Tuesday, July 22, 2008
ESQUIMALT — Sights, sounds, scents and flavours tickled our senses throughout this lovely day. With all the things we wanted to see and do, it took some figuring and discussing to work out how we would attempt to accomplish everything. But we managed it all.
The Butchart Gardens were at the top of our list of activities, and we decided to let our GPS lead us there by typing the famous landmark into the little gadget. Then we sat back to follow its directions, but after a few unlikely turns, we began to doubt its choice of routes. We were taken along a very secondary, twisty, bumpy road through farms and wild areas that were quite picturesque but certainly did not appear to be the approach to a world famous garden that draws visitors by the millions! When our patience was almost at its limit, we finally saw the first sign and sure enough, we arrived at our destination. Our return route, we decided, would definitely not be the reverse of what we had just experienced.
The gardens themselves were gorgeous. I had been there some years ago, but it was Val’s first visit. We were both enthralled by the expansive beds of begonias, roses, dahlias and snapdragons, as well as the hundreds of brightly coloured flowers and trees with names unknown to us. Fortunately, we had a handy guidebook to give us the names, classified by colour. The pictures of the bleak limestone quarry that existed there before the Butcharts set to work on their garden were quite a contrast to the beauty around us. There were hundreds of visitors there, speaking languages from every continent. Every now and then the scent of roses or other blooms was carried on the breeze, and we heard the cooling sound of trickling streams and splashing fountains as well.
Taking a much shorter and more direct route, we returned to our campground for lunch, locked up the camper and set out on foot along the boardwalk toward the centre of town. It was a lovely walk, with the harbour on our right the whole way, and parks and condos on our left. We didn’t go the whole way in to town, because our plan was to connect with the Big Bus near a restaurant called Spinnakers. It’s the same hop-on, hop-off tour bus system we used in Vancouver, and that was the closest spot for us to meet up with it.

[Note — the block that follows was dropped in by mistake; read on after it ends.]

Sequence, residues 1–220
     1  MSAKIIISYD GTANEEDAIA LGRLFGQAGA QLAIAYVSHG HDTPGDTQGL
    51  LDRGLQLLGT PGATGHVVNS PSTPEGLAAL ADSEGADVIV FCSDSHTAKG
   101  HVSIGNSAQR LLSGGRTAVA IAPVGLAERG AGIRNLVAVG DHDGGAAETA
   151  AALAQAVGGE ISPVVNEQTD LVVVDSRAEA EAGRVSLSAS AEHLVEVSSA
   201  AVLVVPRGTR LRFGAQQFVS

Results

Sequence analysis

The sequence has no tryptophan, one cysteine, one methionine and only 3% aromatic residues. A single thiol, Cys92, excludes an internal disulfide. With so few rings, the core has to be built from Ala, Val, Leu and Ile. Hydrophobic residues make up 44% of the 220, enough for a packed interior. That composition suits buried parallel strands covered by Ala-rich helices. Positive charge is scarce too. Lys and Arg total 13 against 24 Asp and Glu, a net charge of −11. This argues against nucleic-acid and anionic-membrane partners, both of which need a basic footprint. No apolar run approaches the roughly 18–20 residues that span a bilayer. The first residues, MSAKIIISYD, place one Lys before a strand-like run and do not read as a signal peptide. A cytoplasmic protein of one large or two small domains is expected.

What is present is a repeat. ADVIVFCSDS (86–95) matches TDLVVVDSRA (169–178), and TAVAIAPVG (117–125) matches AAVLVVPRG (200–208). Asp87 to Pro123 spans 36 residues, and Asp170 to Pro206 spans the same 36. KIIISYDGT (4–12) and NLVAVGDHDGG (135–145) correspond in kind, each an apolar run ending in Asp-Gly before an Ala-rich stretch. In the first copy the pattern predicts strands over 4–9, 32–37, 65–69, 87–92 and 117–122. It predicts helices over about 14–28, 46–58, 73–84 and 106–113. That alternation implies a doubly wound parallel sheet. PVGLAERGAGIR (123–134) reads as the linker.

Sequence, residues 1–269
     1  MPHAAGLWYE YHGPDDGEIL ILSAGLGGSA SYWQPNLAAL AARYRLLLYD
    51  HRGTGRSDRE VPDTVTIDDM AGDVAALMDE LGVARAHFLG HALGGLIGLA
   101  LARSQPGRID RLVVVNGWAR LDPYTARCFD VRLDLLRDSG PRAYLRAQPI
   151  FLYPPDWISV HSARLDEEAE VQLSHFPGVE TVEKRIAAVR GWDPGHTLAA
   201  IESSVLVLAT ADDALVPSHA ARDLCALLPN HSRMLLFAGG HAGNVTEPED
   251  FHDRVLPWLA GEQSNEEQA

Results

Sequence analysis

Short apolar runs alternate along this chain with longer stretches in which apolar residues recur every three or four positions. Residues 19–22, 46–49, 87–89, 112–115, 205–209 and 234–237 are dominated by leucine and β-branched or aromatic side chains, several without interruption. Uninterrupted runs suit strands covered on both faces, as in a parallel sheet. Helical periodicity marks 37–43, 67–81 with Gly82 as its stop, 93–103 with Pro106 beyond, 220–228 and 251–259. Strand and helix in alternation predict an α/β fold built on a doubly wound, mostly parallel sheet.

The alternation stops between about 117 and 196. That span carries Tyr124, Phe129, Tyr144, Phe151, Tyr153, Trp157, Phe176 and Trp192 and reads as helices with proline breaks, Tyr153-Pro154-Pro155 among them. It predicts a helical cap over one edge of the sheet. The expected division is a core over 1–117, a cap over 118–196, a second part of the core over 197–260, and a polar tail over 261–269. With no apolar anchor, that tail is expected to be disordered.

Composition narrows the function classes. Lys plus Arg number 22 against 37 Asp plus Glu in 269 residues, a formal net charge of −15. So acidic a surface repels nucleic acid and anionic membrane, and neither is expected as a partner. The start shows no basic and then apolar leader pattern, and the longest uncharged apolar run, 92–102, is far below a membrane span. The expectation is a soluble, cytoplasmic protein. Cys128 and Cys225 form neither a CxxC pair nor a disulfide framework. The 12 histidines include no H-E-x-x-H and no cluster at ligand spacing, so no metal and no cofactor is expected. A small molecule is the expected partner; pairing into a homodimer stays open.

The bus gave us a 20-stop tour, with commentary, through all of Victoria, including Chinatown, the antiques area, the tony Oak Bay section with its well-groomed mansions, and the harbour. We hopped off near the Empress Hotel to see about stepping in for a spot of tea. When we learned that the pleasure of such a visit would set us back $120, we quickly changed our minds! We couldn’t believe it.
Back on the tour bus, we continued the circuit until we got back to our starting point. It was just about time for supper, so we stopped in at Spinnakers and had an absolutely scrumptious meal. Val had wild BC salmon fettucine, in a sauce with mussels, spinach and coconut milk. The noodles were made on the premises and cooked to a perfect al dente. I chose the fish and chips with garden salad – the fish was salmon for me as well, in a light tempura batter. The chips were crisp outside and soft inside, and the salad had lots of interesting greens and a lovely dressing. Our server told us that the restaurant prides itself on locally grown produce and home made items such as the vinegar and the desserts. Val ordered fresh, homemade raspberry sorbet (fabulous) and I had three delicious dark chocolate truffles, also made on the premises. It was delicious from start to finish and the bill came to $53 for the whole thing! Forget the Empress!
We strolled back to the marina and our camper truck as the sun set on another wonderful day.